Citizens For Responsible Oil and Gas (CFROG) was formed by a group of 20 west county residents, in response to what they deem has been a lack of environmental review by Ventura County, which recently approved nine new oil wells and two wells to be reopened in the area above Thomas Aquinas College in Upper Ojai."
Click here to read the full story in the Ojai Valley News by Kimberly Rivers on Citizens for Responsible Oil and Gas or CFROG.
There is also a sign on the ground just at the rear of the truck that reads "coil tubing".
In trying to determine what this truck is waiting to do and what "coil tubing" means I contacted Dr. Tom Williams. He holds PhD in Geology and Zoology from Berkeley, and has worked around the world for dozens of oil companies as a consultant. He provided me with the following information that includes information from wikipedia (http://en.wikipedia.org/wiki/Coiled_tubing)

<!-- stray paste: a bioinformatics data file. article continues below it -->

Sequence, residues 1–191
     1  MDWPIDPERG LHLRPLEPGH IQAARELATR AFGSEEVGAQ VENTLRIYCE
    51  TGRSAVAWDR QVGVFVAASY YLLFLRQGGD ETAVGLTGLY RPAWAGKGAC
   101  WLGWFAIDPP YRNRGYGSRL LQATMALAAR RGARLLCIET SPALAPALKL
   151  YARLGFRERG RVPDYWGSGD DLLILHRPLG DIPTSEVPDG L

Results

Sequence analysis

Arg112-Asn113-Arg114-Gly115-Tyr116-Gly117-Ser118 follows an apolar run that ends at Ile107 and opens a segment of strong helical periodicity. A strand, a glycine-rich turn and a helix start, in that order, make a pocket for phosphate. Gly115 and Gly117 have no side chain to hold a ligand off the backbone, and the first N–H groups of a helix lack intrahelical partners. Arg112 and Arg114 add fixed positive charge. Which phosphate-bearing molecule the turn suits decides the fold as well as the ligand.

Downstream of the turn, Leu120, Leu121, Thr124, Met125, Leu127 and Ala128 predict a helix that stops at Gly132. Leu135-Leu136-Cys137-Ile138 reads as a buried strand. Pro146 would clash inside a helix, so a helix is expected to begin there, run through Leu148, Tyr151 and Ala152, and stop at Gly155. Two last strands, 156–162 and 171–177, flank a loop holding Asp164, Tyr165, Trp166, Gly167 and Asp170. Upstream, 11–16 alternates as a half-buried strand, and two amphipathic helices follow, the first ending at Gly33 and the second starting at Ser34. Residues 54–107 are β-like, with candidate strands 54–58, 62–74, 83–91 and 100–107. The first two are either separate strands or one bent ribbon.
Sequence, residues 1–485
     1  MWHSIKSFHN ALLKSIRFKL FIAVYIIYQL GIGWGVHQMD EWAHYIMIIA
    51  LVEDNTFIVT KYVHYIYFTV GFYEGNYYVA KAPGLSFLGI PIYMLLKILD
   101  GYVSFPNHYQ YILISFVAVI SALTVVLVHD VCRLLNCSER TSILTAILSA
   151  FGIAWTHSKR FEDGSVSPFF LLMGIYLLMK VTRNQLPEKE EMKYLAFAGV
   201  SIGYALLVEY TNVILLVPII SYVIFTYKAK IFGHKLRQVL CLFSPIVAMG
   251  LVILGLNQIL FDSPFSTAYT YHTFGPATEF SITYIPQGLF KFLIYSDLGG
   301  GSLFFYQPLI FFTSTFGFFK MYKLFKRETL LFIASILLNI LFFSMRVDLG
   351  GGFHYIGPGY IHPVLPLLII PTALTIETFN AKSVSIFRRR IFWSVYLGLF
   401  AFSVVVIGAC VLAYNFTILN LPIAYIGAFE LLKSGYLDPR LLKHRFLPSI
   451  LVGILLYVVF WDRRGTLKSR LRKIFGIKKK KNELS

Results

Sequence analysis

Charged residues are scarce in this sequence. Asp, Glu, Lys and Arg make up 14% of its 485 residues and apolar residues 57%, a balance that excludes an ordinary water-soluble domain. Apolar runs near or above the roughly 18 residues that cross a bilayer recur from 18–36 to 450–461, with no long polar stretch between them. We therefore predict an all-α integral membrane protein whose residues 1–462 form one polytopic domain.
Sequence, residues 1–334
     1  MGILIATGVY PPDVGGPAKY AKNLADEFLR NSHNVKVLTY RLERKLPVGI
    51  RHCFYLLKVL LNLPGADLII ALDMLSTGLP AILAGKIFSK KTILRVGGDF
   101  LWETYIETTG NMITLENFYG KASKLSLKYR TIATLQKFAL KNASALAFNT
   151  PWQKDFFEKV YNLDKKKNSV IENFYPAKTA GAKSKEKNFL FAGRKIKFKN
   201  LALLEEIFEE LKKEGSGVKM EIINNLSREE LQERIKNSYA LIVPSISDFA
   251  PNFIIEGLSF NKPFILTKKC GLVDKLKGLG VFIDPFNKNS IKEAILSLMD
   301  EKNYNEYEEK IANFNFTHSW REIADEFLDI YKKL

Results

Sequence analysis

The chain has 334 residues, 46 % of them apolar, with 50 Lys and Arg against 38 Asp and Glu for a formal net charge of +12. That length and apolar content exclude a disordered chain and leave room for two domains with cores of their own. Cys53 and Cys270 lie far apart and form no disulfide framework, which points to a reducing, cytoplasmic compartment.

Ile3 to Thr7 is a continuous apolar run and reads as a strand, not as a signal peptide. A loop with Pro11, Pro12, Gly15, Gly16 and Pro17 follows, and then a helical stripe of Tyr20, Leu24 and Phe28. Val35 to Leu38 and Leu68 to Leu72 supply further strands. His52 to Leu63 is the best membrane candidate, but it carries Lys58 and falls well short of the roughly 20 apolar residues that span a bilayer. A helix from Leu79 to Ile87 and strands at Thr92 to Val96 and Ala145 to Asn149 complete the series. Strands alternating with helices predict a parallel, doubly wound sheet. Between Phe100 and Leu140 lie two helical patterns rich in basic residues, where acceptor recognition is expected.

Nitrogen can be used down hole to clear or clean a well and could be used to frack
The most popular use for coiled tubing is circulation or deliquification. A hydrostatic head (a column of fluid in the well bore) may be inhibiting flow of formation fluids due to its weight (the well is said to have been killed). The safest (though not the cheapest) solution would be to attempt to circulate out the fluid, using a gas, frequently nitrogen (Often called a 'Nitrogen Kick'). By running coiled tubing into the bottom of the hole and pumping in the gas, the kill fluid can be forced out to production. Circulating can also be used to clean out light debris, which may have accumulated in the hole. Coiled tubing umbilicals can convey hydraulic submersible pumps and jet pumps into wells. These pumps allow for inexpensive and non invasive well cleanouts on low pressure CBM (coal bed methane) gas wells. These umbilicals can also be run into deviated wells and horizontal laterals.